This presentation builds on the work of engaged co-researchers (Inuit and non-Inuit) interested in useful and relevant research for and by Inuit through the medium of participatory inquiry. Through highlighting the story of Nipivut, the Montreal Inuit radio show, we examine research linkages between South and North and new directions for Inuit-based inquiry especially within urban contexts. Key to our understanding of action-oriented methods is that they are decolonizing in the sense that they “begin and end with the standpoint of indigenous lives, needs, and desires, engaging with academic lives, approaches and priorities along the way” (Tallbear 2014). We propose to discuss the range, limits, and possibilities of participatory projects that relate to oral history; radio production and representation; health and well-being; and other topics.
MEET-AND-GREET (2 to 3pm)
We invite you to join us for an informal meet-and-greet after the panel, to welcome COHDS visiting researchers Donna Patrick and Christopher Fletcher.
ABOUT THE SPEAKERS
Mark Watson is Associate Professor in the Department of Sociology and Anthropology. Having worked for many years in Japan on issues of urban Indigenous migration, he is currently Principal Investigator (with Chris Fletcher and Donna Patrick) of the Nunalijjuaq Action Research Initiative, a five-year SSHRC funded project working with Inuit in Montreal to assess and analyze their situation in the city and to implement community-driven actions to promote collective wellbeing. Alongside being an executive producer of the bi-weekly Inuktitut language radio show Nipivut or ‘Our Voice’ (broadcast on CKUT90.3FM), Dr. Watson is committed to the practice of action-oriented research and engaged by the ethnographic analysis of radio, podcasting and other mobile facets of collective life.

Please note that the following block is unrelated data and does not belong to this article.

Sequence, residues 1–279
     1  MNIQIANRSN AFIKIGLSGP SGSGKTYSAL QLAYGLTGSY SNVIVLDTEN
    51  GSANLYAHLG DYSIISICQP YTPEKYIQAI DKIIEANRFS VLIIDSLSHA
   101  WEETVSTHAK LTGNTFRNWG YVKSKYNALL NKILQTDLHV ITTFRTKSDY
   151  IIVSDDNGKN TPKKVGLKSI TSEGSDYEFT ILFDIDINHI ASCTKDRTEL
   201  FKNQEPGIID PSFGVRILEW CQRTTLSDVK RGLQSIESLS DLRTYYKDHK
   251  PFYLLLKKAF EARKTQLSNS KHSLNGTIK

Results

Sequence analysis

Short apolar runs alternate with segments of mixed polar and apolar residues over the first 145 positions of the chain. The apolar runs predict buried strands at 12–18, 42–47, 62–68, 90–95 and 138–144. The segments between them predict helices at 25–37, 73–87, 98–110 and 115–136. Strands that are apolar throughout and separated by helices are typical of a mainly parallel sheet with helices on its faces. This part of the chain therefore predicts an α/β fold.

Christopher Fletcher is a medical, visual and ecological anthropologist whose primary work for the past 20 years has been with arctic and subarctic Aboriginal communities in Canada. His research focuses on collaborative projects that explore cultural perspectives on health in northern Canadian communities with an emphasis on indigenous resilience and wellbeing. Recent projects include work documenting traditional medical practices and local meanings of health in a Dene community, the language and discourse of taste and satiety in Inuktitut, the provision of services to Inuit in urban centres, and the health effects of housing in Inuit regions. He is an Associate professor in the Department of Social and Preventative Medicine at Université Laval and researcher at the Population Health and Optimal Practices in Health Research Unit, Centre hospitalier universitaire de Québec Research Centre.
Donna Patrick studied linguistics and anthropology at McGill University, earning her B.A. and M.A. there, and at the University of Toronto, where she received her Ph.D. She taught at Brock University from 1996 to 2003 before moving to Carleton University in 2004, where she is currently Professor in the Department of Sociology and Anthropology. Her research in linguistic anthropology focuses on Indigenous and minority language politics, rights, and practices and has included work in language endangerment, language socialization, language education policy and practice, critical literacies, and social semiotics. Her most recent work involves participatory action research and the recording of life histories and stories with Inuit in Ottawa and Montreal. She is currently the President of the Canadian Anthropology Society (CASCA).